Thirty years ago, when she first joined the Stl’atl’imx Tribal Police, Deborah Doss-Cody never imagined she would be the police service’s Chief Officer decades later.
“In all honesty, if you’d told me I was going to be a police officer when I was in high school, I never would have believed it,” she told the News last week.
Last Wednesday, Dec. 5, Chief Officer Doss-Cody was honoured for her 30 years of service at a celebration and luncheon at the P'egp'ig'lha Administration Office at T’it’q’et.
Sergeant Mike Leo, who has also been with the Tribal Police for 30 years, was also scheduled to be honoured at the same celebration but was called out of town at the last minute. He is the officer in charge of the Mt. Currie detachment.
Both haven been with the Tribal Police since it began.
Chief Officer Doss-Cody was presented with a commendation plaque honouring her for her “unwavering dedication to duty and service for the people of the St’at’imc Nation.”
Although she never envisioned joining a police service, Doss-Cody said the timing was right when the Peacekeepers – the forerunners of the Tribal Police – were established.
“It was an opportunity that came up when the Peacekeeper training came on board,” she recalled. ‘From there, it just developed and I just carried on from there, milestone after milestone and challenge after challenge.”
She says she has a lot of memories, but says the best memory was graduating as a constable.
“Looking back, because I was so young I didn’t really appreciate how much the people were celebrating the Stl’atl’imx Tribal Police. But looking back on that now, and the impacts that it had on the community and some of the elders – some of them were crying because they were proud and dancing to celebrate. That was huge.”
The Stl’atl’imx Tribal Police was the first tribal police service established in B.C.
The service currently has eight officers working in the Lillooet and Mt. Currie detachments.
Chief Officer Doss-Cody said the St’at’imc people ‘have a lot to be proud of based on the fact we were trail blazers in starting a First Nations police service. People said, ‘We don’t want these problems in our communities anymore and a lot has changed in the last 30 years – the parties that used to happen at Seton Lake, the accidents. Granted, we’re not going to get everything at the time that it’s occurring, but we’ve built upon a good solid foundation and I think our future is going to be better and better.”
Chief Officer Doss-Cody said she “would first and foremost” like to thank her family for all of their support over the years.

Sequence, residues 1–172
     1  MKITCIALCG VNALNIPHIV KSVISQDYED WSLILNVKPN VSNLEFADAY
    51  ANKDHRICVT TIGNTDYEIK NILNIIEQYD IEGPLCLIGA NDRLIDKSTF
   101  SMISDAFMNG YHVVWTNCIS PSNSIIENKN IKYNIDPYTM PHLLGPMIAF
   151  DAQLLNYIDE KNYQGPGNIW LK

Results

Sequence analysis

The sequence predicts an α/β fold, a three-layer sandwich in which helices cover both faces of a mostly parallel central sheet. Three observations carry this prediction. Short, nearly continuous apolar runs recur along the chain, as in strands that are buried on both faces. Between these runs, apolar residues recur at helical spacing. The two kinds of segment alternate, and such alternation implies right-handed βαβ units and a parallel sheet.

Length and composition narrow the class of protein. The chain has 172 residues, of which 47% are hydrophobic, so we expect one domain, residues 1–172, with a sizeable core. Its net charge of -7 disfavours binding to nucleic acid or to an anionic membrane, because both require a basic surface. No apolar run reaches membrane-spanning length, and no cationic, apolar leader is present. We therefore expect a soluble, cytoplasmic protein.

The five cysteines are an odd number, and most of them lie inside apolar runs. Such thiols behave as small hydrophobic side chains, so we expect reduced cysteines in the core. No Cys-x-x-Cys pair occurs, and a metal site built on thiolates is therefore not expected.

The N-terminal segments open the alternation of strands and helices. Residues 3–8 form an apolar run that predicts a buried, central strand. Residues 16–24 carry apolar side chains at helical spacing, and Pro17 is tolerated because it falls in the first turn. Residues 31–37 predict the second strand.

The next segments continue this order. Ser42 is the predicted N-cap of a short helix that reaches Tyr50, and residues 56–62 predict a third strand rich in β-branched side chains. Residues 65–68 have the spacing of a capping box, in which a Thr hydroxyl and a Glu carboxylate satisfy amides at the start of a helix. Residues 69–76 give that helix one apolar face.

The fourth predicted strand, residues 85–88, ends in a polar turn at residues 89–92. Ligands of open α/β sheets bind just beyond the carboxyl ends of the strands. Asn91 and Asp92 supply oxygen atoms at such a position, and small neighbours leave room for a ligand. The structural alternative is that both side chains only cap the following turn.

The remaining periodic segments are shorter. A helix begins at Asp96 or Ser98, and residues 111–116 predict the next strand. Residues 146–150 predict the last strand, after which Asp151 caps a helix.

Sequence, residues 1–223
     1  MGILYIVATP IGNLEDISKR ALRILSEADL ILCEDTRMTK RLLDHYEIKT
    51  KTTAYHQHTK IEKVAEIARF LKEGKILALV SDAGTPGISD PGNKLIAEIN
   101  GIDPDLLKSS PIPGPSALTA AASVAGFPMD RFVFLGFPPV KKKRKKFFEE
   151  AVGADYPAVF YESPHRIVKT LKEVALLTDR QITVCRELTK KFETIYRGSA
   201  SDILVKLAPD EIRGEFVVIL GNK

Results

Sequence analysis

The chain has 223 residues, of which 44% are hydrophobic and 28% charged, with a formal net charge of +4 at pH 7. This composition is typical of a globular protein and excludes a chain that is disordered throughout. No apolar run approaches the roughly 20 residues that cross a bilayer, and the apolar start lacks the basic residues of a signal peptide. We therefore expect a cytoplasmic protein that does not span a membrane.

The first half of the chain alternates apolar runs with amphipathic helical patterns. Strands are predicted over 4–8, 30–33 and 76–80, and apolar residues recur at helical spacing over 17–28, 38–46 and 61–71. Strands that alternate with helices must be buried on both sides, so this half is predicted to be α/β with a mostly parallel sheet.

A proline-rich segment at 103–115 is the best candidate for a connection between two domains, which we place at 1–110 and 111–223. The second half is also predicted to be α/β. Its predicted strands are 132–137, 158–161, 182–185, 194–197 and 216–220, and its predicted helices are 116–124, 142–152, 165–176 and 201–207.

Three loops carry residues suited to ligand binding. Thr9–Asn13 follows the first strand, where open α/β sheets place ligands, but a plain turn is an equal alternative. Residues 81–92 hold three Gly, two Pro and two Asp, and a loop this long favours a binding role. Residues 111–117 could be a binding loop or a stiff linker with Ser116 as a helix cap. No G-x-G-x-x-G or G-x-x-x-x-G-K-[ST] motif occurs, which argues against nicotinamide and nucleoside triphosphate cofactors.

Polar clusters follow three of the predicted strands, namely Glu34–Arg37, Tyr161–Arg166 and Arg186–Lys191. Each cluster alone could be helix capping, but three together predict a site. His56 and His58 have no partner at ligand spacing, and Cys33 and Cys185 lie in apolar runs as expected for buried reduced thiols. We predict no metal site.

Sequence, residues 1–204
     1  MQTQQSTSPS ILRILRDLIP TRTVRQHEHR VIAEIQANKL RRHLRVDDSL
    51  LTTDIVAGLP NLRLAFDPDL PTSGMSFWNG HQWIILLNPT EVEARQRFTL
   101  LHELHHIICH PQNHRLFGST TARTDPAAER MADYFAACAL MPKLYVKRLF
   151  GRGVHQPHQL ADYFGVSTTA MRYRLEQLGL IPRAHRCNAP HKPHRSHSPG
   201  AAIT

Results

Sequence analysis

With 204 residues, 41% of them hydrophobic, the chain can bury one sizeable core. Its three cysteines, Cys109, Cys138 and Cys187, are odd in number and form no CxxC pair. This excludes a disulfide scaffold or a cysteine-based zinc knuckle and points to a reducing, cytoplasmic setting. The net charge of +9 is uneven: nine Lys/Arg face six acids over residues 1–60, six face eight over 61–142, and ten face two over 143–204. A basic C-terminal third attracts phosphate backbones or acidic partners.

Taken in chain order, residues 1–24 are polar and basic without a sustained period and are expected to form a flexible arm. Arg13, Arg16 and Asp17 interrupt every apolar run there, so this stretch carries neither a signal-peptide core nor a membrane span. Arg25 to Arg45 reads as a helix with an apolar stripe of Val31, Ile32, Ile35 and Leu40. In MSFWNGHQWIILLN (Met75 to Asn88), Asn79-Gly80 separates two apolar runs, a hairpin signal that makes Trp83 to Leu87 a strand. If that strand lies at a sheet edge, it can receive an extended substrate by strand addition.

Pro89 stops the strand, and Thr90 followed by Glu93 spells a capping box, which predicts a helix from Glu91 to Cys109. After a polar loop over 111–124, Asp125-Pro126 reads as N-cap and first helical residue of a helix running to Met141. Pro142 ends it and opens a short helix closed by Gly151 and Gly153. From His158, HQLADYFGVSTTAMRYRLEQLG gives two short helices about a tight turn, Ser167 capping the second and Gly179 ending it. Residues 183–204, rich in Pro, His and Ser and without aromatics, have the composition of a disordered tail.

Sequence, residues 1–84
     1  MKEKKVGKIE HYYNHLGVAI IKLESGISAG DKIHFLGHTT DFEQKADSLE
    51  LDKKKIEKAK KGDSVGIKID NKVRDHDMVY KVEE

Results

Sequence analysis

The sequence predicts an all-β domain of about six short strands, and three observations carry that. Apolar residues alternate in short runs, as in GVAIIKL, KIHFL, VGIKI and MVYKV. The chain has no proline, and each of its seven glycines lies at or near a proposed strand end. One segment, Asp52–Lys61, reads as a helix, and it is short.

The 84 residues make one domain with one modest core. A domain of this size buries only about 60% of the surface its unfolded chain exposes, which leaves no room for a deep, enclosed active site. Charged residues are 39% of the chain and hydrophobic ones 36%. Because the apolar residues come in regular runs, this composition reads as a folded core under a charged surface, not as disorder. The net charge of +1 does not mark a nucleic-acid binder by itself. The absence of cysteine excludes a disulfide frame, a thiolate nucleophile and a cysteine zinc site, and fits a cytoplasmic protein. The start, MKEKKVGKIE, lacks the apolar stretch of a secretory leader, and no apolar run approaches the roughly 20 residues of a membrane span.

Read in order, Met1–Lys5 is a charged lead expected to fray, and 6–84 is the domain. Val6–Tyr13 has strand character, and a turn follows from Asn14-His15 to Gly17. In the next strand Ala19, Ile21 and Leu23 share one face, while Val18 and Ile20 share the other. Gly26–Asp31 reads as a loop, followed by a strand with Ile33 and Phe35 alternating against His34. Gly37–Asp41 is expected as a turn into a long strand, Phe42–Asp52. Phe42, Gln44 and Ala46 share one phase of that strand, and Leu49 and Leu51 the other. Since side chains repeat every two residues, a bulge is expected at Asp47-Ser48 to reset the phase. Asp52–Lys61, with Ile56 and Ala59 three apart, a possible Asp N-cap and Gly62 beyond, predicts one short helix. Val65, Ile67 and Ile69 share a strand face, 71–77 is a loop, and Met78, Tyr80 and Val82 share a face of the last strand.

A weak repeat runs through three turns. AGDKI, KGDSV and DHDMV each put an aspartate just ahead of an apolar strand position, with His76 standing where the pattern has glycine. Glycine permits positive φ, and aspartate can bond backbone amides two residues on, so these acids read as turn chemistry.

“My sister Vera is actually the one who pushed me into getting into tribal police. She got me started. Thanks to the communities for always standing by us. And the police board because things are ever-evolving and changing. Pauline Michell is actually an original board member from the inception of the tribal police and she’s still on it. This is a celebration for her as well. And of course, my husband and my kids for all the sacrifices they’ve made over the years.”
In her comments, Police Board Chair Rebecca Barley told the audience 30 years is “quite an accomplishment,” noting that the focus of the tribal police has always been on serving the various St’at’imc communities. She also acknowledged the long service of Pauline Michell on the Police Board.
During last week’s celebration, Chief Mike Leach recounted the early history of the Stl’atl’imx Tribal Police. He explained how the T’it’q’et community approached him as chief and said its residents wanted security to deal with speeding violations and drug and alcohol offences.
“I bought a little beige Bronco, stuck a few images on there and we went on patrol,” said Chief Leach. “We sent two people to the Justice Institute to learn about security.”
That security detail evolved into the Peacekeepers which evolved into the Tribal Police.
He said all 11 St’at’imc communities eventually supported and welcomed the Peacekeepers, although Xwisten later withdrew from the organization and retained the RCMP as its police service.
Chief Leach recounted the RCMP’s initial opposition to the concept of an Indigenous police service, the debate over the right of St’at’imc peace officers to carry 9mm. Glock pistols and how the service became a model of community policing for other tribal police services
Chief Leach also emphasized that the Tribal Police are a police service, not a police force.
“That’s important to understand. It’s like all the other programs and services for the communities. This is a little more complex and demanding but it is a service.”
The spotlight will also shine on the Tribal Police during the May 2019 celebration of the Declaration of the Lillooet Tribe, which will be held at Sekw’el’was (Cayoose Creek). Previous chiefs, constables and staff will be recognized at the event.